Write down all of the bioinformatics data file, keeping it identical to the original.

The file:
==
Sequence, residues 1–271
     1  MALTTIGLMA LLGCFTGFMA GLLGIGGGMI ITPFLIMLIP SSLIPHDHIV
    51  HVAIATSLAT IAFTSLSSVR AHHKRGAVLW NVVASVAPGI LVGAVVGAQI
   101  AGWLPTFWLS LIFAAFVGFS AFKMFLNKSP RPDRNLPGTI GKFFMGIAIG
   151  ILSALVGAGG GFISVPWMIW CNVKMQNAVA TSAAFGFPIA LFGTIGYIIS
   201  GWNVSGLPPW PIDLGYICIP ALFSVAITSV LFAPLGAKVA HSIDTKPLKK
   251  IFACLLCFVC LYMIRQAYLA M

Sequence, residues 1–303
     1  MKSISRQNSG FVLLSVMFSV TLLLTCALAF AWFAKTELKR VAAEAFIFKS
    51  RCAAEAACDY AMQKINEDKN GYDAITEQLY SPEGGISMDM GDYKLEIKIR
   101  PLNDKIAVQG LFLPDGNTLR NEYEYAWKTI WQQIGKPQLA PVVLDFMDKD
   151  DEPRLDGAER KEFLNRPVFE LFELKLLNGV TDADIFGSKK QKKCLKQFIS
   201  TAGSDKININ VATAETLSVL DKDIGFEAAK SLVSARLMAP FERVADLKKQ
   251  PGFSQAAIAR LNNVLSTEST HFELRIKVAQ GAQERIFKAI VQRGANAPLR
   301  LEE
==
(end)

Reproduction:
Sequence, residues 1–271
     1  MALTTIGLMA LLGCFTGFMA GLLGIGGGMI ITPFLIMLIP SSLIPHDHIV
    51  HVAIATSLAT IAFTSLSSVR AHHKRGAVLW NVVASVAPGI LVGAVVGAQI
   101  AGWLPTFWLS LIFAAFVGFS AFKMFLNKSP RPDRNLPGTI GKFFMGIAIG
   151  ILSALVGAGG GFISVPWMIW CNVKMQNAVA TSAAFGFPIA LFGTIGYIIS
   201  GWNVSGLPPW PIDLGYICIP ALFSVAITSV LFAPLGAKVA HSIDTKPLKK
   251  IFACLLCFVC LYMIRQAYLA M

Sequence, residues 1–303
     1  MKSISRQNSG FVLLSVMFSV TLLLTCALAF AWFAKTELKR VAAEAFIFKS
    51  RCAAEAACDY AMQKINEDKN GYDAITEQLY SPEGGISMDM GDYKLEIKIR
   101  PLNDKIAVQG LFLPDGNTLR NEYEYAWKTI WQQIGKPQLA PVVLDFMDKD
   151  DEPRLDGAER KEFLNRPVFE LFELKLLNGV TDADIFGSKK QKKCLKQFIS
   201  TAGSDKININ VATAETLSVL DKDIGFEAAK SLVSARLMAP FERVADLKKQ
   251  PGFSQAAIAR LNNVLSTEST HFELRIKVAQ GAQERIFKAI VQRGANAPLR
   301  LEE